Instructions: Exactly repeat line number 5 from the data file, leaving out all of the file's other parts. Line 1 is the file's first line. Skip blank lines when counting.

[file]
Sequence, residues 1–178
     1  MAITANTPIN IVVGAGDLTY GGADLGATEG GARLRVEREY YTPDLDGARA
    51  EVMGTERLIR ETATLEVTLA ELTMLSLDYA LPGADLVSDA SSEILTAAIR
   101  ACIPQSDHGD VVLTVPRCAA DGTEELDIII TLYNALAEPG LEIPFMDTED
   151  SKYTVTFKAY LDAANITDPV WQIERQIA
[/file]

   151  SKYTVTFKAY LDAANITDPV WQIERQIA